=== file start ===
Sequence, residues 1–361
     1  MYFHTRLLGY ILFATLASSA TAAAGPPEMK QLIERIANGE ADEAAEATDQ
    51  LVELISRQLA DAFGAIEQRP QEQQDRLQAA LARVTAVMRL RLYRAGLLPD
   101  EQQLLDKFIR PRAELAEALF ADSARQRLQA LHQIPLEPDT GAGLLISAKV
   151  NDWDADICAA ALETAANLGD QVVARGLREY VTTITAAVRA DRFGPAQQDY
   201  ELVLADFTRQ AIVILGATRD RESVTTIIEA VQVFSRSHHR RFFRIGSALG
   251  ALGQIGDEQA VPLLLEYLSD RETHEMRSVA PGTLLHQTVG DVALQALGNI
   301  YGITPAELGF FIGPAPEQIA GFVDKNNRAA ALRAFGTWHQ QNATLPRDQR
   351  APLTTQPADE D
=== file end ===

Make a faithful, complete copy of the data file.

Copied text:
Sequence, residues 1–361
     1  MYFHTRLLGY ILFATLASSA TAAAGPPEMK QLIERIANGE ADEAAEATDQ
    51  LVELISRQLA DAFGAIEQRP QEQQDRLQAA LARVTAVMRL RLYRAGLLPD
   101  EQQLLDKFIR PRAELAEALF ADSARQRLQA LHQIPLEPDT GAGLLISAKV
   151  NDWDADICAA ALETAANLGD QVVARGLREY VTTITAAVRA DRFGPAQQDY
   201  ELVLADFTRQ AIVILGATRD RESVTTIIEA VQVFSRSHHR RFFRIGSALG
   251  ALGQIGDEQA VPLLLEYLSD RETHEMRSVA PGTLLHQTVG DVALQALGNI
   301  YGITPAELGF FIGPAPEQIA GFVDKNNRAA ALRAFGTWHQ QNATLPRDQR
   351  APLTTQPADE D